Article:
Posted by Joshua on Saturday, March 2nd, 2013
Syrian Rebel Leader Deals With Ties to Other Side
Daniel Etter for The New York Times“I don’t want to fight against them; I don’t want to see them killed or injured. I hope they leave before we attack.” GEN. SALIM IDRIS, By NEIL MacFARQUHAR, March 1, 2013
……General Idris, soft-spoken and humble compared with many military men, said he received hundreds of telephone calls daily, some angry, from commanders across Syria.
He dispatches what he can. But he described a mysterious system whereby unknown donors pay money to arms dealers within Syria. When he requisitions supplies, the black marketers fill the orders if the accounts are full. He can usually get the Kalashnikov bullets, rocket-propelled grenades and small mortars that he needs. But if the accounts are empty, he gets nothing.
Many rebel battalion commanders were civilians before the uprising. Having organized a brigade from men in their villages, they balk at taking orders and refuse to coordinate attacks.
“They want everything from the chief of staff — weapons, ammunition, money,” General Idris said. “But if you ask them what did you do with the ammunition and weapons, and how did you spend the money, well, they don’t like any commander to ask them what they are doing. But we cannot work in this way.”
General Idris said he could work with most of the Islamist factions fighting in Syria, putting their number at about 50 percent of the rebels. The exception was al-Nusra Front, blacklisted by the United States. He said that they were helpful in the fight — estimating that they had 3,000 men — but it was the only group he labeled extremist.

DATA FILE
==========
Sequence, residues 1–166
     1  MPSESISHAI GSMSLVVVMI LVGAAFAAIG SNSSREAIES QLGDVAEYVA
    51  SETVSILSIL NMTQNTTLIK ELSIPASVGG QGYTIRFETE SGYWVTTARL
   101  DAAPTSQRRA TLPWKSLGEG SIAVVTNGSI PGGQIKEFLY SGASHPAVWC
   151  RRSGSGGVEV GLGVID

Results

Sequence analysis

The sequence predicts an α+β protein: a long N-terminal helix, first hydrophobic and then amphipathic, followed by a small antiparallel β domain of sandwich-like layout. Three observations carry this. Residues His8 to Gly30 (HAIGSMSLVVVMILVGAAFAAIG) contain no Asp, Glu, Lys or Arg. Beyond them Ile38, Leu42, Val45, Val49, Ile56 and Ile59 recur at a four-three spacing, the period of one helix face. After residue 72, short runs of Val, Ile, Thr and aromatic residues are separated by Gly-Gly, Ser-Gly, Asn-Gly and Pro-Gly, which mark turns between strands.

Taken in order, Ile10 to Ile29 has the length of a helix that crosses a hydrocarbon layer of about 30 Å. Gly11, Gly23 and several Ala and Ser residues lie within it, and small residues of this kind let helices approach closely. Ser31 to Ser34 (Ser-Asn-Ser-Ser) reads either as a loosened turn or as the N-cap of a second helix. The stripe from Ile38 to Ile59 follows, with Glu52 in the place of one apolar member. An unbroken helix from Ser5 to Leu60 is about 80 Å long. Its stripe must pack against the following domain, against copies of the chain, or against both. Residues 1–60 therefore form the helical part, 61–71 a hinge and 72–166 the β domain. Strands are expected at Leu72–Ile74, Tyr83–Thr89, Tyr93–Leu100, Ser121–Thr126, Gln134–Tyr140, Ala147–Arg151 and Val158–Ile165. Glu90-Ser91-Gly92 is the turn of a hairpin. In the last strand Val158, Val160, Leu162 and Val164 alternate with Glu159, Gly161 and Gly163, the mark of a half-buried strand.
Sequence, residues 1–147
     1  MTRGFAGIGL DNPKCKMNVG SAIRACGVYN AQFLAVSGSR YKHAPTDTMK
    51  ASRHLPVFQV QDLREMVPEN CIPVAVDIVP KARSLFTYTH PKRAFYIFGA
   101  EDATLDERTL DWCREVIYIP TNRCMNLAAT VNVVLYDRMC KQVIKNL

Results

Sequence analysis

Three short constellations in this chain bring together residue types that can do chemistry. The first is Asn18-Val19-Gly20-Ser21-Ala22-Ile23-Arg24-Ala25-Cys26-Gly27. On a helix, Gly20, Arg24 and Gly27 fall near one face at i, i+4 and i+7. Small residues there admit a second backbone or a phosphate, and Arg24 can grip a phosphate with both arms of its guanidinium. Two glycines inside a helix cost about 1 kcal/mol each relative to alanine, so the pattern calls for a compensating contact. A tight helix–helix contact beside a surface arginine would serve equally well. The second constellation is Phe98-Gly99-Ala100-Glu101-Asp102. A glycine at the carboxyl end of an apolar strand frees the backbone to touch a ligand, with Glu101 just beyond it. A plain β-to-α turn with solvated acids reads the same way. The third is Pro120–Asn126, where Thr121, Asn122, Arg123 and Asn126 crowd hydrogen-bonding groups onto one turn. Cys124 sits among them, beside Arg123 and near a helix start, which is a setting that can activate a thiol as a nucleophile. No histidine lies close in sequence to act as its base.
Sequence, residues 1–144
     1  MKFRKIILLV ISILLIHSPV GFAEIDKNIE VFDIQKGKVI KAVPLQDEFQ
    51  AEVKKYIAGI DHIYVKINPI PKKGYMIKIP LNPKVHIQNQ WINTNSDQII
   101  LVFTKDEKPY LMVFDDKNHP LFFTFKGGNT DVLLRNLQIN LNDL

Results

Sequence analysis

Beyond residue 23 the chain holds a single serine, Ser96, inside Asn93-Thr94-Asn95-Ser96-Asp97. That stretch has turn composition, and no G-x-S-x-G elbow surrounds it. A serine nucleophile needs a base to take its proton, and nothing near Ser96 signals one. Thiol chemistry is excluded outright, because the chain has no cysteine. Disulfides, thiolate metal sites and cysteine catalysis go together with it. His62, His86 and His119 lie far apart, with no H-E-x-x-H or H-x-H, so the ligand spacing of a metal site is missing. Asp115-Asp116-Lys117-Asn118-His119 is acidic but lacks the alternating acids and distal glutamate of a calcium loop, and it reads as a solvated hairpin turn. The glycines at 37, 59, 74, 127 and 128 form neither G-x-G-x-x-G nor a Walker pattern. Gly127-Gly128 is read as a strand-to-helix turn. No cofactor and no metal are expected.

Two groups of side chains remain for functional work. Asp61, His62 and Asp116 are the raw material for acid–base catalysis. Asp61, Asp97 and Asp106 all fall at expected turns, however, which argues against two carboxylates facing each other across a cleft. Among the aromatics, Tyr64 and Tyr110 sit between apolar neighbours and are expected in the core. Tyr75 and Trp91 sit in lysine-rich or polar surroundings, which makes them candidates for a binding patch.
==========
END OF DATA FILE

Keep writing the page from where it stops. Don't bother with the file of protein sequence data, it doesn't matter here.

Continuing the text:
For security, General Idris rarely sleeps in the same place for two nights running. He takes the dangers he faces with a little black humor, interrupting the interview to call his wife “to tell her that I am still alive.”
Over all, General Idris said he thought the war was progressing well for the rebels. The government was resorting to tactics like long-range Scud missile attacks because it lacked soldiers, he said, but the rebels need the supplies promised by Western and Arab leaders more than ever.
“I would like to say to the decision makers in these countries, you cannot only listen to the news about Syria and watch the TV, to see the massacres and the destruction and wait,” he said. “If you still delay the decision to support Syria, you might take the decision when it is too late. Then Syria will be like Somalia.”
ANKARA, Turkey —Secretary of State John F. Kerry scolded Turkey’s leader Friday for likening Zionism to a “crime against humanity,” saying such remarks complicate efforts to forge Mideast peace.